How does obesity impact health?
According to Clinical Guidelines on the Identification, Evaluation, and Treatment of Overweight and Obesity in Adults, a 1998 National Institutes of Health report, overweight and obesity is associated with higher rates of:
- High blood pressure
- Type 2 diabetes
- Heart disease
- Gallbladder disease
- Sleep apnea and respiratory problems
- Some types of cancer
- Pregnancy complications
The higher rate of rural obesity may be a contributing factor for higher rural rates of chronic diseases. For example, the Centers for Disease Control and Prevention’s Health, United States, 2014 Table 42 reports the following rates for 2012-2013:
|Metropolitan Area||Outside Metropolitan Area|
What can rural healthcare providers do to address obesity and overweight?
Rural clinics and hospitals can offer classes that encourage healthy diet and exercise, such as sessions on nutrition, how to prevent heart disease, controlling diabetes, and similar topics. Hospitals that have exercise equipment for rehabilitation may want to make their workout areas available to the entire community. RAC’s Rural Obesity Prevention Toolkit identifies a range of evidence-based programs for healthcare providers.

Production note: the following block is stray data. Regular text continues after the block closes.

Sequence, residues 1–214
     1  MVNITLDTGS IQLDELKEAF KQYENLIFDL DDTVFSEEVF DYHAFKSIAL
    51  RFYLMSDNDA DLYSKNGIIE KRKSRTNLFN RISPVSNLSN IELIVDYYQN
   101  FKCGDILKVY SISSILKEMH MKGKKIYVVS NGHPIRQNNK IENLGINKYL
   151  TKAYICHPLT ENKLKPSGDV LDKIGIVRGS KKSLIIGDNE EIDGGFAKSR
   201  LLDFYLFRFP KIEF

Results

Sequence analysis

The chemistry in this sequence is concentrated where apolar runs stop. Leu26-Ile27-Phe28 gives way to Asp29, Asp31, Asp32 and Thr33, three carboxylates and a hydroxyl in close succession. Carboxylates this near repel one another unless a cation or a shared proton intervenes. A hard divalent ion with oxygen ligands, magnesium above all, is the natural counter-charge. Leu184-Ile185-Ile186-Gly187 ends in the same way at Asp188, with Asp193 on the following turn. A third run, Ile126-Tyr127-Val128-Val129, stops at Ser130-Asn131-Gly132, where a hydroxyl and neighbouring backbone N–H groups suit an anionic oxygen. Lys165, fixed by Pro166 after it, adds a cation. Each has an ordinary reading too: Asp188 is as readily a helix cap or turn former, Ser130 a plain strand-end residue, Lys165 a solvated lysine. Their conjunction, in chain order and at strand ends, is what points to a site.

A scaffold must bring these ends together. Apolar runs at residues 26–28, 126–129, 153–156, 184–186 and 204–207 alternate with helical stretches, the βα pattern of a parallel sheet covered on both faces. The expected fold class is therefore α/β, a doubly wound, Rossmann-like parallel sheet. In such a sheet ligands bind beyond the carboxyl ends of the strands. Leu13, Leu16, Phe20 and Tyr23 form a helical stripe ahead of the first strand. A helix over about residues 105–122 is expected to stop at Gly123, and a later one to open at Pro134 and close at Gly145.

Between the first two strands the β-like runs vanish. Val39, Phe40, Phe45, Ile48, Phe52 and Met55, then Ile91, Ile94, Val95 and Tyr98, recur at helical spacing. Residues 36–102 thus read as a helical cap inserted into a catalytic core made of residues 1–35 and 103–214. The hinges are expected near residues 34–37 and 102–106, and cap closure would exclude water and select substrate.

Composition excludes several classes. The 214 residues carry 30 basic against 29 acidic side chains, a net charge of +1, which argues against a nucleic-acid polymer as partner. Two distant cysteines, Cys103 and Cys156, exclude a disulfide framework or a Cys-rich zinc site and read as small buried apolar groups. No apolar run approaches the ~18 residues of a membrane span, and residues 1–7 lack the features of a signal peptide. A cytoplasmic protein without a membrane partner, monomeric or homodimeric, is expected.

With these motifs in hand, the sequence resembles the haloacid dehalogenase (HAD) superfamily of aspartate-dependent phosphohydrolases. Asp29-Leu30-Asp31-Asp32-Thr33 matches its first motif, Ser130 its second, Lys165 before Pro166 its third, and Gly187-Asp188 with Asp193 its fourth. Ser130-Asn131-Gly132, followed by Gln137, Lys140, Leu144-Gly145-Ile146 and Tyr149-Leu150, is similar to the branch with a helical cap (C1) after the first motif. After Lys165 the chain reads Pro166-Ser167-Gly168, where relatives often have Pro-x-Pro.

Primary healthcare providers can be a good resource for providing information on healthy diet and physical activity to their patients. The Agency for Healthcare Research and Quality offers a toolkit, Integrating Primary Care Practices and Community-based Resources to Manage Obesity: A Bridge-building Toolkit for Rural Primary Care Practices, to help rural primary care practices connect their patients to obesity management resources. In addition to offering a step-by-step process, the toolkit includes sample forms, worksheets and other materials than can be adapted.
How can local public health agencies help prevent obesity?
Local public health agencies could serve by developing community partnerships with schools, healthcare providers and community groups to ensure that exercise and healthy eating classes are being offered, schools and restaurants are offering healthy choices, and to support the development of walking trails and bike paths for the entire community. Many local public health agencies have also become involved in policy development.